That the Grand National is a contest which often favours the best story as much as the best horse may well be a chicken-or-egg theory for, with 40 runners and an owner, trainer and jockey for each, it would be long odds against some point of interest failing to emerge along with the victors. But when it comes to fine subjects for a fairy tale that could end with a glorious final chapter on Saturday, step forward Peter Nelson and your splendid horse According To Pete.
Nelson, 71, is a self-made businessman, which is not that unusual among the ranks of racehorse owners. And like another of the ilk, JP McManus, he is going to Liverpool with the hope in his heart of winning the world's most famous steeplechase with a horse he not only owns but bred himself. But there the comparisons stop and the contrasts begin.
One man has a global empire most recently valued at £481 million and more than 300 animals to carry his colours, the other an MOT business and a paper round in a Yorkshire village and a string of just two. Synchronised, McManus's chief National contender, emerged from a breeding herd numbering hundreds and grew up on a 400-acre estate in County Limerick. According To Pete is the product of his owner's sole broodmare and spent his formative years in a paddock behind a garage.
Nelson has already seen his pride and joy lead the way up the Aintree run-in. "Then I've woken up," he said, "and told myself not to be such a silly bugger. But then I once thought I'd never have even a car or a house of my own, let alone a racehorse. I'm from a family of seven and have had my arse kicked all my life. So maybe dreams can come true."
Though his livelihood came through modern horsepower, Nelson had always been aware of the original as he grew up in Helperby, between Thirsk and York. His father, who was a farm labourer, used to work with Shires and Cleveland Bays on a local estate where, as a boy, Peter himself used to have to take time off school in order to help with the hard physical graft of the harvest.
He later learned his mechanical trade with farm machinery before setting up his own business. Nelson's day now also includes a dawn start to supply and deliver newspapers locally, a service undertaken since the closure of the village shop. "I've worked all my life," he said, "and see no reason to stop yet."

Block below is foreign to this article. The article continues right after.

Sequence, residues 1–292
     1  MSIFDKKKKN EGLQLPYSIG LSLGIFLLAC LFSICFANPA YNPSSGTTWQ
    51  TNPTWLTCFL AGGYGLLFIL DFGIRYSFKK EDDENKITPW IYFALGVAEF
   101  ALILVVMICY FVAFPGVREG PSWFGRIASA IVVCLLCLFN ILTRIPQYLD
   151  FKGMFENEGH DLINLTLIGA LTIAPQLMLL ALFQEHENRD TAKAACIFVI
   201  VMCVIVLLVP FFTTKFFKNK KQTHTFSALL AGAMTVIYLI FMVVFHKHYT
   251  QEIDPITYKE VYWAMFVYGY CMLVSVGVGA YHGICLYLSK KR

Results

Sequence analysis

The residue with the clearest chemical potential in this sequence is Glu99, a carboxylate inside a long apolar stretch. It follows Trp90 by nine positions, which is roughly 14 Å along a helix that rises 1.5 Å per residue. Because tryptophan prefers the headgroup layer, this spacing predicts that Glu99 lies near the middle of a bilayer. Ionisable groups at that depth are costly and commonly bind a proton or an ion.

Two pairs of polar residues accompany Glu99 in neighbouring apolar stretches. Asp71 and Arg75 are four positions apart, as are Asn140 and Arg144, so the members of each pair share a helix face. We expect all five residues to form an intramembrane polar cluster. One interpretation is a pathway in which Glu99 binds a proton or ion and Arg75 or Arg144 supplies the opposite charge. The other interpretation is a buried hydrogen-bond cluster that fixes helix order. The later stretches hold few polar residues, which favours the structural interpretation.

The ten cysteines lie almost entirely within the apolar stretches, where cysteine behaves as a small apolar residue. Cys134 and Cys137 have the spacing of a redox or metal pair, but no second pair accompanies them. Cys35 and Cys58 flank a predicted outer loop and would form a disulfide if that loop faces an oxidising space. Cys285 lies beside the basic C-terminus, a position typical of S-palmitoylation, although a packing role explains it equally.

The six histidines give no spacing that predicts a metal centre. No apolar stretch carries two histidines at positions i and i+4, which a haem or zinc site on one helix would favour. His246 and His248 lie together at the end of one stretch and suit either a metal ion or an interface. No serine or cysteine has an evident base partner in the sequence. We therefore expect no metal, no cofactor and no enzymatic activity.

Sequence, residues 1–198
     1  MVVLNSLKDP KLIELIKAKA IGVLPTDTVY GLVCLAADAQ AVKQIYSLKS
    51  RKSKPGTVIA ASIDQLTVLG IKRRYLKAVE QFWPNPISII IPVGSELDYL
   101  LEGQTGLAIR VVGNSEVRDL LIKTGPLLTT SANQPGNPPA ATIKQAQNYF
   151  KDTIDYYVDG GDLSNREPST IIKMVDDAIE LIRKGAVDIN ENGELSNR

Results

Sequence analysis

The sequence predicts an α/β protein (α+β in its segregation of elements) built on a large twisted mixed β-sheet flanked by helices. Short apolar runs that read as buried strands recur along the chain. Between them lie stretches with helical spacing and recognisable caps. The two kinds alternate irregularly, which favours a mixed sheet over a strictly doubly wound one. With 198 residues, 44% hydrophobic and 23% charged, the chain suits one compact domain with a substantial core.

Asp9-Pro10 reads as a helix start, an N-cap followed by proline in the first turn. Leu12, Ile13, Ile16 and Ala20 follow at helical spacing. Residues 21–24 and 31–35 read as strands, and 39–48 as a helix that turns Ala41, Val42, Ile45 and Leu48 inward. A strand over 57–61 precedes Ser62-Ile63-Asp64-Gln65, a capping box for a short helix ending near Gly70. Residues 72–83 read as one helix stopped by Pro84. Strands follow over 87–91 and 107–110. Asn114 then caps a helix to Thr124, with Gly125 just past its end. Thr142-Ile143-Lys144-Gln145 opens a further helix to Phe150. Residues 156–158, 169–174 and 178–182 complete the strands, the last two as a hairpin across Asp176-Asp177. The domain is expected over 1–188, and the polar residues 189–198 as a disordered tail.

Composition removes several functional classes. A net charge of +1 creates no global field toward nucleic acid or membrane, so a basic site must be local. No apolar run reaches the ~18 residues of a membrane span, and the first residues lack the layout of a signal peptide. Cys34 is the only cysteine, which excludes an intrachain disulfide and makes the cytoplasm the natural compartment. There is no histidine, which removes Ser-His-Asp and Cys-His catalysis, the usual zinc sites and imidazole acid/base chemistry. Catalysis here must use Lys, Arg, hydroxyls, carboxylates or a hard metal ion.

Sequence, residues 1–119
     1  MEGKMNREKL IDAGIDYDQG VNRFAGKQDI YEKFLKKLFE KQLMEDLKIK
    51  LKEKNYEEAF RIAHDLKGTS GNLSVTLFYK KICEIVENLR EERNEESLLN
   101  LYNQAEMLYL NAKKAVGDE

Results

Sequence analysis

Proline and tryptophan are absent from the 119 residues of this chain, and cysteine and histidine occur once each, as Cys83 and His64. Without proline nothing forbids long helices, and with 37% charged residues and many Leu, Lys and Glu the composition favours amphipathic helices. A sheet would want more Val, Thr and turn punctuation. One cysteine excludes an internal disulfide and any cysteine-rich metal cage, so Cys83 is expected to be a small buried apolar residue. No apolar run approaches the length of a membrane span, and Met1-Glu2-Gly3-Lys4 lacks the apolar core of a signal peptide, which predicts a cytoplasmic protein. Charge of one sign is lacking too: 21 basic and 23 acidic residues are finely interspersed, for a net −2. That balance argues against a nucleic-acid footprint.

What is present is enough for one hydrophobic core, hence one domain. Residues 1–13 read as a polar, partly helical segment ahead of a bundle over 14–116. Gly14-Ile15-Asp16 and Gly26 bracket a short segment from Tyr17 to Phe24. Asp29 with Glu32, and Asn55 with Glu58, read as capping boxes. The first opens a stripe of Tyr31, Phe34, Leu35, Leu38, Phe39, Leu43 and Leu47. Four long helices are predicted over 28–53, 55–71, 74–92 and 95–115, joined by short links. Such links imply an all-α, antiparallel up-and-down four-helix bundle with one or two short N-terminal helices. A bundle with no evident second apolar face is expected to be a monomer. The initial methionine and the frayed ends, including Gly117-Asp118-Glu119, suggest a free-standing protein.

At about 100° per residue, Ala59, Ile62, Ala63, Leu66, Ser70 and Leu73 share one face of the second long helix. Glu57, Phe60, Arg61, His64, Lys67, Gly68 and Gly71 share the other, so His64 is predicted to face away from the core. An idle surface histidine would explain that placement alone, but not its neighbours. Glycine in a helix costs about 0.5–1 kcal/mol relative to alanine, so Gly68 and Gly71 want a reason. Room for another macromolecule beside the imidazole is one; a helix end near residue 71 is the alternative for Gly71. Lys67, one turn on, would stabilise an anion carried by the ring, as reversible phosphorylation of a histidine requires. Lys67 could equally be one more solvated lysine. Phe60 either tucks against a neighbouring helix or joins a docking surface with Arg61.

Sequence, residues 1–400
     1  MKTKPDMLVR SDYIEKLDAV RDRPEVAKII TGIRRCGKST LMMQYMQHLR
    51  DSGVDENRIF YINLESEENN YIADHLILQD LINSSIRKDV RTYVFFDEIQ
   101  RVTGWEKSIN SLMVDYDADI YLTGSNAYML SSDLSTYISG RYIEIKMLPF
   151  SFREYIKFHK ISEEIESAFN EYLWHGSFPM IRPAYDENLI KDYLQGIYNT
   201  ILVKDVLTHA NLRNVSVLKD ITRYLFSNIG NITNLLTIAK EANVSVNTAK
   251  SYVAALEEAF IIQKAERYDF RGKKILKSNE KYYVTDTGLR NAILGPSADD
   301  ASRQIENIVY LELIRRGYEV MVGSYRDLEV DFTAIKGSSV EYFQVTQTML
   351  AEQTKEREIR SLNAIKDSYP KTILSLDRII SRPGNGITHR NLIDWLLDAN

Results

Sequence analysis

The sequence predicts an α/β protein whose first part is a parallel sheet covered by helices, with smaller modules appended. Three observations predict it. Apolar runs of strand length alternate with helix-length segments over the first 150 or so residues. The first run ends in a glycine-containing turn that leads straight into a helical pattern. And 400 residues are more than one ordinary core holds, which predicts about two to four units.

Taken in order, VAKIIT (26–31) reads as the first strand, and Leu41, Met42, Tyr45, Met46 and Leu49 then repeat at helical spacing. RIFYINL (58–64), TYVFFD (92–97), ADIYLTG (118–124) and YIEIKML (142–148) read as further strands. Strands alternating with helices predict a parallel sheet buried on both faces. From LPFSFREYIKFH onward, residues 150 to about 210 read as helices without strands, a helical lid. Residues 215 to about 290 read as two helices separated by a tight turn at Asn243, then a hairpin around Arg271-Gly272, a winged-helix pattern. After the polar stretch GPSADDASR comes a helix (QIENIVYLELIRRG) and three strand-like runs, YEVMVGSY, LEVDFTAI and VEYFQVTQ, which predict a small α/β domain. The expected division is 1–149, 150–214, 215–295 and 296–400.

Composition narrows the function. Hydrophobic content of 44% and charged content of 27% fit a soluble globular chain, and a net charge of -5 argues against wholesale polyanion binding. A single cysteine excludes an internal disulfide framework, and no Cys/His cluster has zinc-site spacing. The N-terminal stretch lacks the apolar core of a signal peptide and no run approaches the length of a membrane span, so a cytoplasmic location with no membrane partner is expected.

According To Pete has something of the Yorkshire grit about him too; the National will be his 50th race, of which he has so far won 11. His dam, Magic Bloom, ran 53 times for nine successes and is still in that Helperby paddock at the age of 26.
Mother and son were and are trained at Norton by Malcolm Jefferson, at whose instigation came the mating with Accordion that produced According To Pete. When the time came for Magic Bloom to start her second career, the best at Newstead Cottage Stables was the talented hurdler Dato Star, an early indicator of the worth of the Irish stallion as a high-class jumps progenitor.
As According To Pete was growing up, it became apparent that he was a round peg in a round hole."He always had to be in front," said Nelson, "whether it was at feeding time or when he was playing with the other youngsters.
"And even as a yearling he could jump, he'd hike over a set of rails to another paddock rather than wait to be led round. He's not the biggest but he always had something about him, real spirit."
The dark bay gelding with his distinctive white blaze, already the winner of good races at Wetherby and Haydock this season, is very much part of the family for Nelson and his wife, Anne. And although along with their pride and pleasure in his taking part in Saturday's gruelling £975,000 contest comes concern, it is without mawkish sentimentality.
"What we want first is for him to come home safe," Nelson said, "and anything more would be a bonus. It is risky, but this is what he was bred for and is trained for and no horse becomes a great horse stood in his stable. Without racing he and the others wouldn't exist.
"And when you watch him bowling along, he's such a fine sight, seems to love doing it. He always has his ears pricked and you'd swear he has a smile on his face."
According To Pete, a first National ride for the 23-year-old Harry Haynes, provides plenty to appeal to the head as well as the heart, especially at 40-1.
There has not been a Yorkshire-based National winner since Merryman in 1960; it would be fitting were Nelson to deliver his own good news in the dales a week today.
The front four
1. According To Pete Tough, genuine, in form of his life, never fallen over fences.
2. Killyglen Was going very well last year when brought down four out.
3. Neptune Collonges Has a touch of class and stays well.
4. On His Own Eyecatchingly progressive after going to new stable.